Improving access to elite colleges has been hot on the minds of politicians and university presidents. President Obama, in a summit with 100 college and university presidents in January, charged the institutions with opening their doors to more needy students.
But, progress has been slow coming. In his New York Times article, Richard Pérez-Peña details how the poor are still rare at elite colleges. Perhaps the issue is one of more than just cost.
For many Americans, late August is the time for packing up the car and helping an excited freshman move into their dorm on a sprawling, bucolic campus. It's an American ritual except, for so many college students it's far from their reality and not for the reasons we might think.
College for me was quite removed from that romantic image. Having earned a high school equivalency and as a 20-year-old with two children, my only option was to attend a community college. My GED scores were high enough for acceptance to a four-year college; however, those did not offer essential supports that community colleges like LaGuardia Community College did: a round-the-clock childcare center, flexible class schedules and a student body that was inclusive of every age group, income level and ethnicity.
Three days out of the week, and sometimes at night and on weekends, I'd drop my son off at his elementary school and haul my books and my daughter to my own school, where I left her in the care of the college's Early Childhood Learning Center. There was no scenic drive to campus; my parents had long ago bid me farewell.
During the extra hours the campus childcare center gave me for study time, I instead participated in co-curricular activities. I got my work done by taking careful notes and studying into the night while my children slept.
The days I wasn't in school, I worked as a real estate salesperson, a job that allowed me to make my own schedule and, when necessary, have my kids in tow.
I graduated in two years with honors, kept a job that supported my basic needs and was able to take advantage of opportunities that helped me land several scholarships and an internship at El Diario, the longest-standing Spanish-language paper in the U.S. Insofar as my studies at LaGuardia went, my undergraduate experience was rich.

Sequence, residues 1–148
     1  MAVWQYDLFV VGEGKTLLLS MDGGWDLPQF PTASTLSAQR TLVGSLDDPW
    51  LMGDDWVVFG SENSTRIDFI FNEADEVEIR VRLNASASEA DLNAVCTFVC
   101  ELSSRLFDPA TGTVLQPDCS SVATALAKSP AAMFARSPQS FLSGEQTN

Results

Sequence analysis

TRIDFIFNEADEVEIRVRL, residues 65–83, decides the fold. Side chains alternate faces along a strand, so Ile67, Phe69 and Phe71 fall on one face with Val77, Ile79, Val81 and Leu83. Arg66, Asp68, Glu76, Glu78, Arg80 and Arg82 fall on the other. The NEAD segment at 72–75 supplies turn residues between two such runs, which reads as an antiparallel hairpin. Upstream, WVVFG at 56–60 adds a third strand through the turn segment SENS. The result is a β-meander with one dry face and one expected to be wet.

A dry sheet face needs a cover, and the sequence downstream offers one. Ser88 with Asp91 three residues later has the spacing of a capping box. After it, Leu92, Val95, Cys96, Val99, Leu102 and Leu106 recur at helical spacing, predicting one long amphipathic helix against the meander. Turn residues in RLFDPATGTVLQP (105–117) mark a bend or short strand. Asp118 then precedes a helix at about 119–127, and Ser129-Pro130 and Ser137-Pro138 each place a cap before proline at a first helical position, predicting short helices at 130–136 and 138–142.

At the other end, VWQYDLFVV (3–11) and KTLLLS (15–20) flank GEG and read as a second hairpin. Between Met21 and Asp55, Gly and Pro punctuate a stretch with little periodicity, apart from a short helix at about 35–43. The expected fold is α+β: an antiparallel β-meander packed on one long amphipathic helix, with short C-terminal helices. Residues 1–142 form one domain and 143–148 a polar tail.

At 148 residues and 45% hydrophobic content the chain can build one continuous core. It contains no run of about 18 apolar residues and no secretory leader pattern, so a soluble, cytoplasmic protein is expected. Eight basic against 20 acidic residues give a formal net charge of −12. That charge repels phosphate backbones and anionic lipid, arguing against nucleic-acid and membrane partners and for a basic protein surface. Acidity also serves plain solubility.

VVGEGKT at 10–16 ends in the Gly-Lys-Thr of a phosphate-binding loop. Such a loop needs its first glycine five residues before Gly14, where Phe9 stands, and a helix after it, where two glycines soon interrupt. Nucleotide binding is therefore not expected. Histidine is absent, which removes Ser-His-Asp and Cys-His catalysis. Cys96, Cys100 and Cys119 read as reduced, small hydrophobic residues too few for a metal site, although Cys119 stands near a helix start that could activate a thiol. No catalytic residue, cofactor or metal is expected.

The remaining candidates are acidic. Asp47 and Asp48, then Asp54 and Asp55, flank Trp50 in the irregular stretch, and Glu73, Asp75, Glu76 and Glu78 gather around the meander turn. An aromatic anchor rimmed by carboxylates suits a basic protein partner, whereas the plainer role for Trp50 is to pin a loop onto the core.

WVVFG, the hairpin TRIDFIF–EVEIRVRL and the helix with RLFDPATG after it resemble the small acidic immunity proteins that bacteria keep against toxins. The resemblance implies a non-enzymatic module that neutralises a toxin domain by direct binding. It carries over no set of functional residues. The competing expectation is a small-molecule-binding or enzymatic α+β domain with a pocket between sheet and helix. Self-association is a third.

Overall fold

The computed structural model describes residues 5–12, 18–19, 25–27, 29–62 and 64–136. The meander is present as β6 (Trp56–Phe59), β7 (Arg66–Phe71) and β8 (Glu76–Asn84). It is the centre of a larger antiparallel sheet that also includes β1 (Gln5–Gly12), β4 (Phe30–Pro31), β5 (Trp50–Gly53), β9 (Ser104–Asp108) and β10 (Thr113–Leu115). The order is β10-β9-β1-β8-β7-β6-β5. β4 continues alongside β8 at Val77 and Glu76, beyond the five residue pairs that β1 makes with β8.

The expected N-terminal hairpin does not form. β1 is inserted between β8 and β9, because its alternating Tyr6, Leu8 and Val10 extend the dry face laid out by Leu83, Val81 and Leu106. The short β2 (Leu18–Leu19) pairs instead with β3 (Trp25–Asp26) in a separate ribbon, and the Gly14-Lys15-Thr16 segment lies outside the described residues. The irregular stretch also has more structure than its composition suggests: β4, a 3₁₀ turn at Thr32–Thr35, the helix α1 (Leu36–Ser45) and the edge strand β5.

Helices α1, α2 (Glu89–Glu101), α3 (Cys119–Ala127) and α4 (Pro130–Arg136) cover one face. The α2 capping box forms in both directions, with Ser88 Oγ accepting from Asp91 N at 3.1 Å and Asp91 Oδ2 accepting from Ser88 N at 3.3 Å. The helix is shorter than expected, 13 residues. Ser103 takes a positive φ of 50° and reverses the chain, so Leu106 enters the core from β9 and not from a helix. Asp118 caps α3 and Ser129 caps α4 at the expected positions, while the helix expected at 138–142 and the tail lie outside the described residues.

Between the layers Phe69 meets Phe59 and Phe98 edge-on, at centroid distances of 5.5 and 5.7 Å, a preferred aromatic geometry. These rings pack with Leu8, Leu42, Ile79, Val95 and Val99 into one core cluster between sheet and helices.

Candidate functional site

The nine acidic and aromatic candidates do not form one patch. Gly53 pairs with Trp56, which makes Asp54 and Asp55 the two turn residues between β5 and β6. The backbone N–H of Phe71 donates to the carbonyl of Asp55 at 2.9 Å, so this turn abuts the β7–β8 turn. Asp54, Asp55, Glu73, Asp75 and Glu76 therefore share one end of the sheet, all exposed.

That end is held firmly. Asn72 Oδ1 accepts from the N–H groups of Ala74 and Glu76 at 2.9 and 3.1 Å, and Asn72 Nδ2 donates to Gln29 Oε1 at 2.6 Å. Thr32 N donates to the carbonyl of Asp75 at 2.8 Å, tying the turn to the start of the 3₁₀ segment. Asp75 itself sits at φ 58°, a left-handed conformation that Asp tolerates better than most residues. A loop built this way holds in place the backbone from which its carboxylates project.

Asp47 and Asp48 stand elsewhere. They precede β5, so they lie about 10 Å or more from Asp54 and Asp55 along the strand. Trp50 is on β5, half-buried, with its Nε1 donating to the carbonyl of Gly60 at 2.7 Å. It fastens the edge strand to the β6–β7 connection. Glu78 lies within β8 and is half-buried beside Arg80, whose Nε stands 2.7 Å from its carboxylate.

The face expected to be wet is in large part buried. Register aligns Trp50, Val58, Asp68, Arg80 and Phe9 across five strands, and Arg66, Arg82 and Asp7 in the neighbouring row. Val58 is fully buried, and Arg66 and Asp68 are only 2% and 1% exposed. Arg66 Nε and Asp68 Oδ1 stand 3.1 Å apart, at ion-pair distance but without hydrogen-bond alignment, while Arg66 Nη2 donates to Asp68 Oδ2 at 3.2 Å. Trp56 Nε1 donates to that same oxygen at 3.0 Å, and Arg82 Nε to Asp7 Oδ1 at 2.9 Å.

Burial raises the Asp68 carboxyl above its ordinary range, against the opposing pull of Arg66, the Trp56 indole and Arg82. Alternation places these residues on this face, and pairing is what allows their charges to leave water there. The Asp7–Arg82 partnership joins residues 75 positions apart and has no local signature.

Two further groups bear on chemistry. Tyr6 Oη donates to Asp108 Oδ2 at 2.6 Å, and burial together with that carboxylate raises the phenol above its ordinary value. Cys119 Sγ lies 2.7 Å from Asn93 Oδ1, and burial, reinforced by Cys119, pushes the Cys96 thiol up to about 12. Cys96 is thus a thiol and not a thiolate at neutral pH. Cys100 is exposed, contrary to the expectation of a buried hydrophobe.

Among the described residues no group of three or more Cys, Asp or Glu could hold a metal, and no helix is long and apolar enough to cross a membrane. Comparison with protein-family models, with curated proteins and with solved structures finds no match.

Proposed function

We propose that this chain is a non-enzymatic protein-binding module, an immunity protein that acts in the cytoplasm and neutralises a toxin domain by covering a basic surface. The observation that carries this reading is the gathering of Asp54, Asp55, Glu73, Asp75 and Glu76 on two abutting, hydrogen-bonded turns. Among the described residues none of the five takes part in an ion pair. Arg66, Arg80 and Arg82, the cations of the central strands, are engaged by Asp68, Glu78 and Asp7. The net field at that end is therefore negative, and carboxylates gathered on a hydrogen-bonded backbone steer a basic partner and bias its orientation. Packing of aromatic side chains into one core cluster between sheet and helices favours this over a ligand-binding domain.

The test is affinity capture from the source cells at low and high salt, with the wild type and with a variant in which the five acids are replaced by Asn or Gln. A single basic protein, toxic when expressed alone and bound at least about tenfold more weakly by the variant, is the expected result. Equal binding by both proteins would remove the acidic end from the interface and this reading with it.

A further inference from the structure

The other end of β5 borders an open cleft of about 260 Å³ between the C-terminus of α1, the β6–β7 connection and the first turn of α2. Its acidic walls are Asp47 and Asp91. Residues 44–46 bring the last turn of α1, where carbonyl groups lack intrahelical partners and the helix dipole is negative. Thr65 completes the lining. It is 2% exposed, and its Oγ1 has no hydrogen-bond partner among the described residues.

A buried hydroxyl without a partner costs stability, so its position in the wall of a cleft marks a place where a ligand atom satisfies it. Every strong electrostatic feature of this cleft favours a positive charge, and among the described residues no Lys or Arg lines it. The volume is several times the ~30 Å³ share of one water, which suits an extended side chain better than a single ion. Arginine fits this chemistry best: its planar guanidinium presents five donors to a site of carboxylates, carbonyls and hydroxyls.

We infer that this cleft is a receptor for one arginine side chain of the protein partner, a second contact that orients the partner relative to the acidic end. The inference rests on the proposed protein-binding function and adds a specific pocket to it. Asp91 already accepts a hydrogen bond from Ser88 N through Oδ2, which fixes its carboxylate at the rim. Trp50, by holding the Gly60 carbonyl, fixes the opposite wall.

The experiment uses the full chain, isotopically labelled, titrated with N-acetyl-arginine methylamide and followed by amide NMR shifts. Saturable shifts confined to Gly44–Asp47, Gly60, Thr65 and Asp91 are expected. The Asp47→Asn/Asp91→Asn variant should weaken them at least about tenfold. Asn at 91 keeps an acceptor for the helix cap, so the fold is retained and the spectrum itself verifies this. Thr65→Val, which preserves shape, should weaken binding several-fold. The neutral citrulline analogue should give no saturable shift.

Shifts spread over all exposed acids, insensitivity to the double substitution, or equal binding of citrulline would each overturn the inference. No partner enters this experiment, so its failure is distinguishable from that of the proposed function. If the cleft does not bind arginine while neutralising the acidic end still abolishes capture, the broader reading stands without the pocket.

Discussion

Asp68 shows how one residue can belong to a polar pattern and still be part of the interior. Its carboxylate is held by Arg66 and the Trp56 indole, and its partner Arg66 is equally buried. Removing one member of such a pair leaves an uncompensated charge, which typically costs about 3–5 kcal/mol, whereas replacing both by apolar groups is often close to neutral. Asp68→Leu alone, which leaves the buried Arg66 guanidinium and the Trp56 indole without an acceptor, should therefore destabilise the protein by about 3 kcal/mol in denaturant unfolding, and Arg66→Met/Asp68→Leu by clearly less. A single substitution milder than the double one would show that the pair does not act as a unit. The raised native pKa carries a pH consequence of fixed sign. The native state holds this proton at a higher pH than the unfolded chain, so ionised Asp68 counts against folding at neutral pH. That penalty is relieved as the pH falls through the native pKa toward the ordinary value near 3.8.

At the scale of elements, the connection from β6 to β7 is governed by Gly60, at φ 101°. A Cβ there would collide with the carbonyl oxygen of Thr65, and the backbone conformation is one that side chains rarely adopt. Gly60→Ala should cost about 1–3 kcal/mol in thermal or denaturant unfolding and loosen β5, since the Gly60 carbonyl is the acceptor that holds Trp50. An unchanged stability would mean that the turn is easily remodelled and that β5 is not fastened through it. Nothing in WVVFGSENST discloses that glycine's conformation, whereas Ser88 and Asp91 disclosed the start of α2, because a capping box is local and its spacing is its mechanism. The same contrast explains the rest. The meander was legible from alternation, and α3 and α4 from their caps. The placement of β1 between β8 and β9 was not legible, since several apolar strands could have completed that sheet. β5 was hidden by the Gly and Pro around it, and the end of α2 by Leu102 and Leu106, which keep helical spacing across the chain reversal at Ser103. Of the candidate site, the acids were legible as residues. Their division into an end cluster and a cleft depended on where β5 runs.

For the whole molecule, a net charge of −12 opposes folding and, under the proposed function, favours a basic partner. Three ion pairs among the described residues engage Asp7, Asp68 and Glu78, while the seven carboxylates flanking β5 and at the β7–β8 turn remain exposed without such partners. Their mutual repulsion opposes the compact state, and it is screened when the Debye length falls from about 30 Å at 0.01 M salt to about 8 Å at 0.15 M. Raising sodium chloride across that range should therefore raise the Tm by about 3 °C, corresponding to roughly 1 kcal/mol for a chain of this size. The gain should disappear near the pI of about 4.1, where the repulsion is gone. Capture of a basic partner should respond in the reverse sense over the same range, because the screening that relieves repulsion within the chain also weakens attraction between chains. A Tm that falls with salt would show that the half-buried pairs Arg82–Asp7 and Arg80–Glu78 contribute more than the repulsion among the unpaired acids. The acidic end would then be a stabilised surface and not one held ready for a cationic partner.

When I transferred to NYU, my dream college, the experience was starkly different. Like many four-year colleges, which cater to traditional students -- younger than I was, financially dependent upon parents and without children -- NYU fell short in addressing my needs as a student.
I had no on-campus option for childcare and there was little flexibility in my class schedule, so off went my children to live with their father. The college's social scene was worlds away from my own, so making friends was difficult. And its co-curricular offerings too revolved around the traditional student, impossible for me to manage along with school, work and family.
Where at LaGuardia I formed study groups with new immigrants studying English, first-generation college going and other parenting students, at NYU no one in my classes was a parent, only a handful were over 21 and few held a job that they needed because it was their only means of support. While NYU students were coming of age and learning to be independent, I had people depending on me.
I graduated from one of the most elite colleges in the country, but not without many, huge, sacrifices and with a few scars.
The difference between what I experienced at LaGuardia and NYU, should raise questions about how we are going to address the needs of today's college student and the depth of how far we will go to close the gap in who attends and doesn't attend college.
There aren't more people like me, the poor or "non-traditional," at top tier institutions because their needs aren't being met, needs that aren't only financial.
In 2009, nearly a quarter of U.S. undergraduates were 25 years or older; and 45 percent -- over 8 million people -- were attending a community college in 2012, likely for the same reasons I did.
What we must have is a rethinking of our idea of who attends college and how we help them enter and stay in school and graduate. The national student body is changing and with it so should how colleges organize themselves to support all students.
This year, seven of my relatives will attend a public college. Three will go to senior schools. Not surprisingly, they come from two-parent, middle class households.
The others have more complicated stories. Angel, whose teen mother managed to graduate college, is a prodigious guitar player with a 65 average; Veronica nearly dropped out before moving with her sister on Long Island where she thrived academically -- she'll work and study to help her single mother; Valentina finished high school just in time for the birth of her son, now 18-months-old; and it's a wonder Fernanda is going to college at all -- her mother passed unexpectedly a month before her high school graduation. She's since moved between family in New York and Florida and has battled anxiety.
They're all attending LaGuardia Community College this year because they've had non-traditional paths to college ... but have they really?
My family's example is one that reflects the national trend, the change in who attends college. It might be time for us to embrace a new ritual, one that welcomes the "non-traditional" student to our elite colleges and provides them the supports they need to graduate.